Ok. So if you train hard you'll be good, sure. Don't give up during conditioning, got it. But "pushing through injuries" is an awful philosophy. I have seen 3 or 4 good wrestlers just get hurt worse and been out longer because of this - all because our coaches just kept telling them to "suck it up" and "keep going." In fact, my junior year I was wrestling dehydrated and malnourished against a great opponent during practice when I dislocated my knee. So yes, you can get seriously injured in a training session, especially when your coach doesn't know when to stop. There's pushing the limits of your physical conditioning and then there is absurdity - I only wish more coaches new the line.

If you're injured you're injured, and only the athlete knows when he can/cannot train/compete. If he's faking it then its only him that is missing out. Dave Tate could have had many more years in his powerfliting career (or at least average mobility!) if he didn't keep pushing through his injuries to set new PRs.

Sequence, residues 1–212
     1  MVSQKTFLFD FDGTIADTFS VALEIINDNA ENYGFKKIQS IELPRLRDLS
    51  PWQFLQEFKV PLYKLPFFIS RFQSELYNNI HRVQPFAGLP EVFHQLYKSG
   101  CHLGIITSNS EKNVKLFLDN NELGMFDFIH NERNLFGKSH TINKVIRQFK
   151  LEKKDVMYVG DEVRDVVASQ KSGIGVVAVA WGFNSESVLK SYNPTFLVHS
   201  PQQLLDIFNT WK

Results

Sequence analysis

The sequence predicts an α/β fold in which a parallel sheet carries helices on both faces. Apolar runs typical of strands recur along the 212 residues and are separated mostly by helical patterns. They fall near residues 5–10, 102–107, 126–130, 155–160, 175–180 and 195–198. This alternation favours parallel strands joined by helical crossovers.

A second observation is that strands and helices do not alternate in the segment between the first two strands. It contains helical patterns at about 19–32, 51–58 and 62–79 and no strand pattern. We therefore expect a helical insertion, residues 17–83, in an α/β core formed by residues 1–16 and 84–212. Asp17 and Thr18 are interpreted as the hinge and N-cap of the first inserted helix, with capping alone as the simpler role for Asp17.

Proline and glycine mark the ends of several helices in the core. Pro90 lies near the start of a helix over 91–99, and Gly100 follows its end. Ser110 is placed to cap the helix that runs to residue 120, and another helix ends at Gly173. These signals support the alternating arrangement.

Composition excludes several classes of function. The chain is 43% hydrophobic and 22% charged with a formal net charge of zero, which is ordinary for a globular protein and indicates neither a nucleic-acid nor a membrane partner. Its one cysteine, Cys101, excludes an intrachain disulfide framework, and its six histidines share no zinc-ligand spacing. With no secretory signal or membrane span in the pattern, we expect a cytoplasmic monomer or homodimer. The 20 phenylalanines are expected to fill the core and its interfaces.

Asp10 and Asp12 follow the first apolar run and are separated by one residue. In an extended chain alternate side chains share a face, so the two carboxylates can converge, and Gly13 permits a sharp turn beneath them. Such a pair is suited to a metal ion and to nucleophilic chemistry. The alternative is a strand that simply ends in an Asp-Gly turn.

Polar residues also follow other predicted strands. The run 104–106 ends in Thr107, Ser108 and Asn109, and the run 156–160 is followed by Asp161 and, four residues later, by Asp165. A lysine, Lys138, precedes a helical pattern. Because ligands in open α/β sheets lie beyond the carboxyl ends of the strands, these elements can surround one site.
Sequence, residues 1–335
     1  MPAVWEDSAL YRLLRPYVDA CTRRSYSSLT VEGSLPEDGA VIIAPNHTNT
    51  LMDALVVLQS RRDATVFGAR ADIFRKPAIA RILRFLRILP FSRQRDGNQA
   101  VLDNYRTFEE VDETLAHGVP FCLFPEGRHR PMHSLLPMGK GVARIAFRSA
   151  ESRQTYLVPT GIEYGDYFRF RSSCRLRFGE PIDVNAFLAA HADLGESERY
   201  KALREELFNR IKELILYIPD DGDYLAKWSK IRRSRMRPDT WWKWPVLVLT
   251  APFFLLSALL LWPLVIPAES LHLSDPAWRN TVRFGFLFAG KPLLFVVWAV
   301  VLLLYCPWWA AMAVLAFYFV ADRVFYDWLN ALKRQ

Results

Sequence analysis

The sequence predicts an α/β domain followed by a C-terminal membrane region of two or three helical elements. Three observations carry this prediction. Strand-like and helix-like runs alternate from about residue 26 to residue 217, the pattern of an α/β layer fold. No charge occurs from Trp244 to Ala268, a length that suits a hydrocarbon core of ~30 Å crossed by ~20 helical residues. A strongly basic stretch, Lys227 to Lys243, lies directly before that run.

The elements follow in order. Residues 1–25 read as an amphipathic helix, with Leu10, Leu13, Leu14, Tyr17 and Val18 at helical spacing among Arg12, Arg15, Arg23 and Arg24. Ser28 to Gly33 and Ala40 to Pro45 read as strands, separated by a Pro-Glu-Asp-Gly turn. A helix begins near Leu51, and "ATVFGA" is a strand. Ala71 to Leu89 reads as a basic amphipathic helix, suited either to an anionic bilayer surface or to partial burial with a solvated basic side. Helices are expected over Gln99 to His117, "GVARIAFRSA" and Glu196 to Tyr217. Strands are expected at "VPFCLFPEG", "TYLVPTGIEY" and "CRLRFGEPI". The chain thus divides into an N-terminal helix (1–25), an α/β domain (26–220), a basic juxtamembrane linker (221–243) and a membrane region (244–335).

crazedwombat
10-16-2006, 01:47 PM
He means injury that's not serious...not tears or breaks, but an ankle sprain or cut or something like that. Every sport the best never go in 100%, there's always some kind of small injury that's forgotten. Same with wrestling. Yea some say they do but they're probably not training their hardest and wont be the best.

clawhammer_33
10-16-2006, 02:19 PM
Those of you who are competitive athletes understand (I hope) that it takes a lot of hard work to become the very best you can be. It takes many hours of practice, pushing through injuries and not allowing yourself to succumb to the mental block of giving in because things are just too hard.

There is only one motto I live by when I am training in the gym, on the mat or outside in the pouring rain. That is: Hurt in Practice so you Don't Bleed in Battle! This means very simply that you can not expect extraordinary results with an ordinary effort. The worst thing that can happen to you during a training session is that you get tired. That's all.